- Open Access
PHACCS, an online tool for estimating the structure and diversity of uncultured viral communities using metagenomic information
BMC Bioinformatics volume 6, Article number: 41 (2005)
Phages, viruses that infect prokaryotes, are the most abundant microbes in the world. A major limitation to studying these viruses is the difficulty of cultivating the appropriate prokaryotic hosts. One way around this limitation is to directly clone and sequence shotgun libraries of uncultured viral communities (i.e., metagenomic analyses). PHACCS http://phage.sdsu.edu/phaccs, Phage Communities from Contig Spectrum, is an online bioinformatic tool to assess the biodiversity of uncultured viral communities. PHACCS uses the contig spectrum from shotgun DNA sequence assemblies to mathematically model the structure of viral communities and make predictions about diversity.
PHACCS builds models of possible community structure using a modified Lander-Waterman algorithm to predict the underlying contig spectrum. PHACCS finds the most appropriate structure model by optimizing the model parameters until the predicted contig spectrum is as close as possible to the experimental one. This model is the basis for making estimates of uncultured viral community richness, evenness, diversity index and abundance of the most abundant genotype.
PHACCS analysis of four different environmental phage communities suggests that the power law is an important rank-abundance form to describe uncultured viral community structure. The estimates support the fact that the four phage communities were extremely diverse and that phage community biodiversity and structure may be correlated with that of their hosts.
Most environmental viruses are phages (a.k.a., bacteriophages) that infect prokaryotic cells, both Bacteria and Archaea. On average there are about ten phage particles per host cell . Extrapolations from the number of prokaryotes  make phages the most abundant biological entities in the biosphere with an estimated 1031 viral particles. By killing prokaryotes, phages can strongly impact microbial community biomass  and structure . Despite their importance, very little is known about phage biodiversity.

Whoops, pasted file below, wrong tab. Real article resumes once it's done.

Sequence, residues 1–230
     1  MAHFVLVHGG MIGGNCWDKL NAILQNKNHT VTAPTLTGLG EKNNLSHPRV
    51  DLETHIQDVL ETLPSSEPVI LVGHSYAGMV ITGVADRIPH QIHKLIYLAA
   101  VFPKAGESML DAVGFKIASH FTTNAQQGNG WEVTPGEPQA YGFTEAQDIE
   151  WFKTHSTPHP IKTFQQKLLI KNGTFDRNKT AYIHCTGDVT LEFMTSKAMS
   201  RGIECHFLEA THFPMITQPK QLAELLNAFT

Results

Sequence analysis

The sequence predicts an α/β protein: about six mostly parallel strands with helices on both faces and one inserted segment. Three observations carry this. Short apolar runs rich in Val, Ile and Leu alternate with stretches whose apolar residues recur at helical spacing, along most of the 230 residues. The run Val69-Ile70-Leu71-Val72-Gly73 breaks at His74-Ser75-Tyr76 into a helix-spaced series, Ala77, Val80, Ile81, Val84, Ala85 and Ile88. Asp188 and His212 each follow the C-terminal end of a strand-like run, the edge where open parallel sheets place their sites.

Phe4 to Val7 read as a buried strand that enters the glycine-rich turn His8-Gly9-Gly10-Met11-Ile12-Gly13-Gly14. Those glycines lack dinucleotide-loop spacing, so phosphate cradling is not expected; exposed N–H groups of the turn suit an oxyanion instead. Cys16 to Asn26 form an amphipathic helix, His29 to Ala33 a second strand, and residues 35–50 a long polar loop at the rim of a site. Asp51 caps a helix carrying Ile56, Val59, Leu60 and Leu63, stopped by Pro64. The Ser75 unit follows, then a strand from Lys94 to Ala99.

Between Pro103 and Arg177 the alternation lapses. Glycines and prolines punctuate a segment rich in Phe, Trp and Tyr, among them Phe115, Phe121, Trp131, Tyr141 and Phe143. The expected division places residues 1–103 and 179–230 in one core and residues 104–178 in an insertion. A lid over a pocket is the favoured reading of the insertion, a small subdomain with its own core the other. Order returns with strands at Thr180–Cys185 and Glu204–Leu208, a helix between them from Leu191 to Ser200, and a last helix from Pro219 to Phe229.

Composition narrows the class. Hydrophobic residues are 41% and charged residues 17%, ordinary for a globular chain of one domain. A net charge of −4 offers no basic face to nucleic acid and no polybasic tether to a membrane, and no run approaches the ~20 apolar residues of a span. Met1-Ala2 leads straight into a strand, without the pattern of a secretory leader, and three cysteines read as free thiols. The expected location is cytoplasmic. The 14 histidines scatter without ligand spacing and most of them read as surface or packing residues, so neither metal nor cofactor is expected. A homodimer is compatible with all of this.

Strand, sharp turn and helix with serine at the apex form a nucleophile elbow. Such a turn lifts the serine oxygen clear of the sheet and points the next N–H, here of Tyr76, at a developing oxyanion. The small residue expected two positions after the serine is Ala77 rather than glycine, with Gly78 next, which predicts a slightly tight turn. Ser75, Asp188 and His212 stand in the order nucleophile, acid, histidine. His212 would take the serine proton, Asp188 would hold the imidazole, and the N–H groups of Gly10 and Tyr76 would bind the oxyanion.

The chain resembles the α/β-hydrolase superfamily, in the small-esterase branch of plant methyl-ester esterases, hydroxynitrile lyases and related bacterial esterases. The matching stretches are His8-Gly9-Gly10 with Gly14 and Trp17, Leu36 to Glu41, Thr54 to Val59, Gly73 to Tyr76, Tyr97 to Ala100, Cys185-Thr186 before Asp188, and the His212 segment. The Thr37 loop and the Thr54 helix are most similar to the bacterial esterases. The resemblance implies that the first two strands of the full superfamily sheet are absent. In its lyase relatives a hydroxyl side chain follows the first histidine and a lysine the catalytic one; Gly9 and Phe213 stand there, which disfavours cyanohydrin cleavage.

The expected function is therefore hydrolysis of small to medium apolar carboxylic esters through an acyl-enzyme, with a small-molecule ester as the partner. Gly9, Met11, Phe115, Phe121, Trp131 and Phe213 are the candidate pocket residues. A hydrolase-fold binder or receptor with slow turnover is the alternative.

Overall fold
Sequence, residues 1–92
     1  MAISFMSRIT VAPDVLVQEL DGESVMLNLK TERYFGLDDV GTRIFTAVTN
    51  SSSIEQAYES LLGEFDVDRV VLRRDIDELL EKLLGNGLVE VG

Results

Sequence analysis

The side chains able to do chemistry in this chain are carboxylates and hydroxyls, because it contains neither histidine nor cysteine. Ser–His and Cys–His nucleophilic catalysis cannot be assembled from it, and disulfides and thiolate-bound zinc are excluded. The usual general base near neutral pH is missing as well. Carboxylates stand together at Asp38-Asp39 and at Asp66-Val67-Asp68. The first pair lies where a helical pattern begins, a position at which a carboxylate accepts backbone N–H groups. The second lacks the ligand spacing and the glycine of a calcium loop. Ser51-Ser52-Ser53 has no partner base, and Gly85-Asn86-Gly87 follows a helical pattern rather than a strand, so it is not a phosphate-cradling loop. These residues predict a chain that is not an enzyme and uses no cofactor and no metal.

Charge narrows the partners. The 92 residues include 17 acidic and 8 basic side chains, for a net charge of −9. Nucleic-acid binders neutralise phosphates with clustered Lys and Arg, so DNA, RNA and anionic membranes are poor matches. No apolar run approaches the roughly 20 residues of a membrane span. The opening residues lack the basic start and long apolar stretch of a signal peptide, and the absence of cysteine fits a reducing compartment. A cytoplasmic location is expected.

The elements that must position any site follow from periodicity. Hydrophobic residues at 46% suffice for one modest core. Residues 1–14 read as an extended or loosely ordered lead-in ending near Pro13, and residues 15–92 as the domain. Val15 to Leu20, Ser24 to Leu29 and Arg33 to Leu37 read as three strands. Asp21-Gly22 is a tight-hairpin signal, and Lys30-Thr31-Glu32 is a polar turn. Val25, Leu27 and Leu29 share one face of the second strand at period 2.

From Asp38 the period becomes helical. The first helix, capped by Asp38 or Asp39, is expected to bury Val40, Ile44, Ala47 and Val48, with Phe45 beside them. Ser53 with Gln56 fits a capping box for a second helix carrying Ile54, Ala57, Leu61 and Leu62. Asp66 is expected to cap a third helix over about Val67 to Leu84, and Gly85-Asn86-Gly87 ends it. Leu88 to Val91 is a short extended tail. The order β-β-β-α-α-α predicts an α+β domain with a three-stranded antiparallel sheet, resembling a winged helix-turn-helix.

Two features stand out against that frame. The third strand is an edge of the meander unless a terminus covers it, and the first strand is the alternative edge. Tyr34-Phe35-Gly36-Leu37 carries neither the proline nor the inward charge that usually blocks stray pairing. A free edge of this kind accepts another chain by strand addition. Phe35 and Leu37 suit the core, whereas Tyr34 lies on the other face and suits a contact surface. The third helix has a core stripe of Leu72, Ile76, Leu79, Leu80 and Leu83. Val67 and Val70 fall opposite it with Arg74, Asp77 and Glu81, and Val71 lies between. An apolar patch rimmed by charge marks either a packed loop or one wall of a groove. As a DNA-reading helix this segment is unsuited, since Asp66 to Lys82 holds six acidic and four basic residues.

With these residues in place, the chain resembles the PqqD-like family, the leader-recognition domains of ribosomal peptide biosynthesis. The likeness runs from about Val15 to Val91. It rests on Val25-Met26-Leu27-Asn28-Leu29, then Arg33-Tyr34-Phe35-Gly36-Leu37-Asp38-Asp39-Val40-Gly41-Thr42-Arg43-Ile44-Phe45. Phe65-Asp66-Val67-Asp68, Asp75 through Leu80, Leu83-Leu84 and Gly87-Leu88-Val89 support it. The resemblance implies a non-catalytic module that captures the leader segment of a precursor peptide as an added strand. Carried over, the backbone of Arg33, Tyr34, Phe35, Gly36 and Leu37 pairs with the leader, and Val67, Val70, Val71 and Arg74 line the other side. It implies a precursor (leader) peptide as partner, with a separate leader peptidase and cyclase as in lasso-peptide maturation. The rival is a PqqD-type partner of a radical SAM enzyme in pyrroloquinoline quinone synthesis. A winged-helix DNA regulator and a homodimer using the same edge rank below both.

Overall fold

Traditionally, the study of environmental phage diversity, dynamics, and ecology requires growing prokaryotes on microbiology plates and infecting them with phages. However this standard technique is limited by the fact that only a small fraction of environmental microbes are readily cultured  and that each phage species generally only has a very narrow number of possible microbial hosts . In addition, even if it is possible to observe phages with an electron microscope, pictures are not sufficient to identify species because of the low taxonomic resolution of viral morphology. Cultivating and observing phages do not permit to assess environmental phage diversity.
Biodiversity is composed of richness, or total number of different species , and evenness, expressing the relative abundance of each species . The Shannon-Wiener index quantifies diversity as a single term combining richness and evenness . A high richness and high evenness together represent a high level of diversity.
A new approach to accessing natural microbial diversity is through the creation of shotgun sequence libraries from environmental metagenomes (sum of all genomes) [10–14], so that the genetic information of each genotype of the community is recorded, qualitatively (sequence) and quantitatively (abundance of each sequence). The community is analyzed by sequencing a part of the library. The metagenomic data used here is the contig spectrum, determined by assembly of environmental random shotgun DNA fragments. The contig spectrum is a vector containing the number of contigs (groups of overlapping sequences) of size q (number of sequences in the group) . The stringency of the assembly parameters can be varied so that only sequences belonging to the same genotype overlap. Thus, for one genotype, the bigger the contigs in the contig spectrum, the higher the number of copies and the more abundant this genotype. Based on this, the contig spectrum provides important information about the abundance and diversity of genotypes within a community.
In this work, we present PHACCS (PHAge Communities from Contig Spectrum), an online computational tool to assess the diversity and structure of environmental viral communities from the contig spectrum of shotgun sequence data. The PHACCS program and its predictions are first described and then used to analyze four environmental viral communities.
Platform and software
The standalone core mathematics for PHACCS consists of Matlab (MathWorks Inc., Natick, MA.) scripts that are partly based on the previous works [10–12]. A CGI (Common Gateway Interface) script written in PERL (Practical Extraction and Report Language) is used to input and output data from and to an HTML (Hyper Text Markup Language) interface. PHACCS was developed and tested on a Linux-based (2.6.6 kernel) personal computer running PERL 5.8.3 (with CGI module), Matlab 6.5.0, and Apache 2.0.50 web server.